Two parliamentary reports have warned that the UK’s nuclear industry is under threat from Brexit.

Any delay between the UK leaving the European Atomic Energy Community (Euratom) and placing alternative arrangements into action would inhibit research and development (R&D) and threaten power supplies, according to the House of Commons’ Business, Energy & Industrial Strategy (BEIS) Committee.

Meanwhile, the House of Lords’ Science & Technology Committee said the civil nuclear industry had been “blighted by the indecision of successive governments” and had now “reached a critical moment”, echoing the warning over leaving Euratom and also highlighting a lack of cash for R&D compared with rival nations such as France and the United States.

Both reports called for the incoming government to take action following next month’s General Election.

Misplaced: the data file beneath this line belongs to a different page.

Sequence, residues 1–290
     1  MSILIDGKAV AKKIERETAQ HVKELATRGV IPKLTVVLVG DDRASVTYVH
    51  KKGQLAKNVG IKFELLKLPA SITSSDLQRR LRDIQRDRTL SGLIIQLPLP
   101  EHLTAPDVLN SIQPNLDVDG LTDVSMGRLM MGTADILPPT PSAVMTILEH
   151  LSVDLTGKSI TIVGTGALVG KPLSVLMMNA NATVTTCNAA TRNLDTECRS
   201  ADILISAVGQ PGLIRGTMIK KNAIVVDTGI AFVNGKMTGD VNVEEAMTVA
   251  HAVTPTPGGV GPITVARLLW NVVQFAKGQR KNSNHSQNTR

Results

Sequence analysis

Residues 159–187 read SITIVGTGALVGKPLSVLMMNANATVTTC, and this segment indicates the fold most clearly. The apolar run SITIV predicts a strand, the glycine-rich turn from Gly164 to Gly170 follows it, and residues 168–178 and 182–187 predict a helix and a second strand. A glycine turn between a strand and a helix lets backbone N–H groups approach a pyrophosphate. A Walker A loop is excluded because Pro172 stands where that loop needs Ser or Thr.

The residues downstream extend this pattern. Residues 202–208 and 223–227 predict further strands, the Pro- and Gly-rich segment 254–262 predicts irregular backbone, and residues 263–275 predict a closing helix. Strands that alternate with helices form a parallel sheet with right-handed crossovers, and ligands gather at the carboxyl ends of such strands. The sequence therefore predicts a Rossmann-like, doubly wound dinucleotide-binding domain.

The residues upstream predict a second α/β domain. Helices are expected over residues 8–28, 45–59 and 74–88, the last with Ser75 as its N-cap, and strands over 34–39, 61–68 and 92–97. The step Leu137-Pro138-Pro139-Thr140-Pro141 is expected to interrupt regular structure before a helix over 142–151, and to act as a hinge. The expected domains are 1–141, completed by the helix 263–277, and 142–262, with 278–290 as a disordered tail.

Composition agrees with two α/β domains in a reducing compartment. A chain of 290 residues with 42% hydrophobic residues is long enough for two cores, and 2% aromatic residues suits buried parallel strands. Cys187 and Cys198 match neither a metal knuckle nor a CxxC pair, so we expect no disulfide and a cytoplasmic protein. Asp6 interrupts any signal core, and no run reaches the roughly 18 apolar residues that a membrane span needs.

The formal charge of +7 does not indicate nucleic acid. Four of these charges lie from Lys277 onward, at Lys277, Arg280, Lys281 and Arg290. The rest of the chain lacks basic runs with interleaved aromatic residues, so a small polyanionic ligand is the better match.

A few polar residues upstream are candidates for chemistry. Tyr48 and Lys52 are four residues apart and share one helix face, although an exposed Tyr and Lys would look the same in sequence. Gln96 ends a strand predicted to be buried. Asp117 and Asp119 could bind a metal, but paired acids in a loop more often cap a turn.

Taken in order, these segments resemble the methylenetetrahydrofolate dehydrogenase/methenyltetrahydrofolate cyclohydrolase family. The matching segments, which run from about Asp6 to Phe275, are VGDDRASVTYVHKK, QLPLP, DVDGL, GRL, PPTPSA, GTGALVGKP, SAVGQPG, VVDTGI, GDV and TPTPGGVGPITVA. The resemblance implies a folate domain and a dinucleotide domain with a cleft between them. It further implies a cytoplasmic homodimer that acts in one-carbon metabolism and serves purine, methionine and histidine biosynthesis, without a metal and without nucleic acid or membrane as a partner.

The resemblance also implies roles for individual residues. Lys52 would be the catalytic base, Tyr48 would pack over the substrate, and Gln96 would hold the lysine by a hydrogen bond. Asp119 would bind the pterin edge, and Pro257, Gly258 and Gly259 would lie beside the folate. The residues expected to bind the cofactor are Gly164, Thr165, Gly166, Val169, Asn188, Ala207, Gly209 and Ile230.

‘Politically unfeasible’

Iain Wright, Chair of the BEIS Committee, said: “The Prime Minister has made it politically unfeasible to remain in Euratom long term.

“The Government now has a responsibility to end the uncertainty hanging over the industry and ensure robust and stable arrangements to protect trade, boost research and development, and ensure safeguarding of the highest level.”

The Lords committee Chair, the Earl of Selborne, added: “The UK has long-standing and continuing commitments to civil nuclear energy and is now strategically positioned to capture opportunities, especially for Small Modular Reactors (SMRs).

“The incoming Government must end its cycle of indecision on nuclear policy and we urge it to take a clear, firm view on SMRs and wider civil nuclear strategy.”

£250-400bn market

Tom Greatrex, Chief Executive of the Nuclear Industry Association and a former Labour shadow energy minister, said the industry was also frustrated at the lack of progress over SMRs.

“With a potential global market for SMRs valued at £250-400 billion, the government must provide clarity as soon as possible after the general election if the energy, industrial and export opportunities of a UK SMR are to be realised.”

Energy Secretary Greg Clark responded by saying: “The future of the nuclear industry in this country can only be protected by a Prime Minister who will actually stand up for Britain and nuclear power in Brexit negotiations.”

> Download the MPs' report